Picking and choosing the bits that will become part of the final design.
This wreath of flowers is done and waiting for the shop to finish printing the vows on archival paper, which will serve as the background for the final piece. After that final component is in place, I'll build a shadow box that will protect the delicate blooms under museum glass. There, they'll be safe from the elements while sweetly showcasing the sweet memories of the couple's wedding day.
Here's another example of a bouquet that came to me already dried. Stephanie, the bride, had left them in a box for a year, wanting to keep them safe. She brought them into my studio in hopes I could liberate them from the box and make something beautiful she could enjoy every day
"I am absolutely in love with the botanical collage Linda created for my husband and I. Three years after our wedding I met Linda and wished I knew of her services beforehand. Luckily my wedding bouquet was dried and intact well enough for her to create a beautiful collage with our wedding vows in the middle. Linda's work is by far the most creative and meaningful way to save wedding day memories!" — Stephanie
I think when many people see dried flowers, they might focus on what those flowers no longer are —what they've lost. Maybe they're no longer fresh and vibrant, but I think they're still full of life and possess a transformational beauty. It's possible that I especially love these dried flowers because I think of them as a metaphor for love. Love, the verb, is an ongoing process, not a beginning place for a marriage, but the purposeful work of being committed to another person.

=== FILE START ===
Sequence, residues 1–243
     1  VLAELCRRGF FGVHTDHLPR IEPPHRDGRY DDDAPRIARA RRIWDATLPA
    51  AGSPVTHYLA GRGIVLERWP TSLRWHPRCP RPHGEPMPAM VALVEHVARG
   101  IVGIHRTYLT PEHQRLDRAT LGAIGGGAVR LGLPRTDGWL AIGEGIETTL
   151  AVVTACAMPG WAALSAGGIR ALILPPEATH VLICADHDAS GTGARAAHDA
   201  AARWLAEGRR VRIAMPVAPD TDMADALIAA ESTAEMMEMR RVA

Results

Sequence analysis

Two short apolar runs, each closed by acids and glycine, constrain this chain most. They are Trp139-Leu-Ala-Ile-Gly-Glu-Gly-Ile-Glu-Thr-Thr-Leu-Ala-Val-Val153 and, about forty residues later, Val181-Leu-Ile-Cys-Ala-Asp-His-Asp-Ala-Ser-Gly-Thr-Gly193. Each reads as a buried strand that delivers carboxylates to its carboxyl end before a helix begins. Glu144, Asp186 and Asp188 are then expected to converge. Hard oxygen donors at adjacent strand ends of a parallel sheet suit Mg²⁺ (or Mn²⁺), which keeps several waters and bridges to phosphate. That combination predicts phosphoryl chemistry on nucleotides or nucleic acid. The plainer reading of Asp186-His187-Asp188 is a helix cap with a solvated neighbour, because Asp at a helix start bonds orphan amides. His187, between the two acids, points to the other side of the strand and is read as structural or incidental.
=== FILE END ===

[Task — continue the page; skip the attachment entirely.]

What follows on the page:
To paraphrase Mr. Rogers, who was a wise practitioner of love...
"Love isn't a state of perfect caring. It is an active noun. To love someone is to strive to accept that person exactly the way he or she is, right here and now."
I think these dried flowers — different than they were, and beautiful as they are — are a lot like people. Like me. Like you. Like us.